Due to the length of the wire, the most available alternative terminal is a "true" ground. Connected as is (to the ground emitting 6volts), all systems appear to function, although my battery capacity seems poor.
Can anybody identify this wire for me? Better yet, can anybody tell me whether it should be connected to a terminal with a 6volt output?
Thanks for you help.
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Old 05-14-2008, 01:52 PM   #3
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927palmetto,

Does your unit have high and low light switches for the ceiling lights? On the high setting, the lights experience 12 volts. On the low setting (dimmer lights), it's 6 volts. Perhaps that's what the cable is for.??

I'm also interested in why you think your battery capacity is poor. What type (mfg.) batteries did you have before? And why do you think that the interstate U2200's are better?

The reason I ask is that since day one, our Essex has had 4 interstate U2200's. They have been changed once, with no significant change in apparent capacity. I've been complaining about lack of capacity for two years, and Newmar says that they can't find anything wrong.

On our coach, if you park it without shore power, we're lucky to get about 8 hours out of the batteries before the generator auto-starts to recharge, and that's with only the inverter on and nothing else. If you turn on an appliance (coffe maker, toaster, etc..), the voltage normally drops to about 11.3 volts with a fully charged battery bank. When you stop using the appliance the voltage will rebound back to about 12.3 volts. If you continue to use any appliance, you'll get 15 to 20 minutes use before the inverter trips off due to low voltage (11.0 volt cut-off). Does yours respond in the same manner?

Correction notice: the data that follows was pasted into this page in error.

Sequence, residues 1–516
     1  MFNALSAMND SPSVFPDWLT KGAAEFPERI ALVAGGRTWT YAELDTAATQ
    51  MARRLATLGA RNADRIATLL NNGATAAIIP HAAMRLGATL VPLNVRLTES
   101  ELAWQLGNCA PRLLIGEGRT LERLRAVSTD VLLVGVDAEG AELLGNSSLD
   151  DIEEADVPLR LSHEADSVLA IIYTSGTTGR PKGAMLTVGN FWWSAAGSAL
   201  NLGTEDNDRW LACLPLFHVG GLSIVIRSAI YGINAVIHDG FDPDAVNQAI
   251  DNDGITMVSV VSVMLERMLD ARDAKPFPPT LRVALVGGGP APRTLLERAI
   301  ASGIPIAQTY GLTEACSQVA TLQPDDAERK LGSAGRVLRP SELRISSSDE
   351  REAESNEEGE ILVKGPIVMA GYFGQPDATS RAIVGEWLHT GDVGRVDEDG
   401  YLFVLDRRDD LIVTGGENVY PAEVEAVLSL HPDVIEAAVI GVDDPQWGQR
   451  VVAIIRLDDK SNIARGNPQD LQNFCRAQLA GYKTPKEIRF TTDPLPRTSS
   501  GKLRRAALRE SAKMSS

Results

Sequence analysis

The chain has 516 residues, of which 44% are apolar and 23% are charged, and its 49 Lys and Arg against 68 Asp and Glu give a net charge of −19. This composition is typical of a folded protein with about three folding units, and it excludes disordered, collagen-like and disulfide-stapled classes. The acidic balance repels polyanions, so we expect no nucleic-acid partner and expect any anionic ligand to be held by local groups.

I've concluded that the problem is one of an under-sized battery bank, and probably junky (interstate) batteries. I'm probably going to replace the flooded wet cell batteries with Lifeline AGM's. Although they have the same nominal rating, I believe they will perform substantially better under heavy amp draw conditions.

Let me know if you find some way to improve the performance of the interstate batteries. I'm real interested in doing the same.

Sebastian
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Old 05-14-2008, 04:28 PM   #4
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<BLOCKQUOTE class="ip-ubbcode-quote"><div class="ip-ubbcode-quote-title">quote:</div><div class="ip-ubbcode-quote-content">Originally posted by 927palmetto:
Hi all, ...........
There is a single, flat, black wire wired to a negative terminal that tests as 6 volts. It is not for the inverter, as the inverter works when it is disconnected. It does not show resistance as a ground, nor does it show voltage when disconnected, so I think it is not a wire for the charger. I have not checked it with the engine running to determine if is from the alternator.........
......
........Can anybody identify this wire for me? Better yet, can anybody tell me whether it should be connected to a terminal with a 6volt output?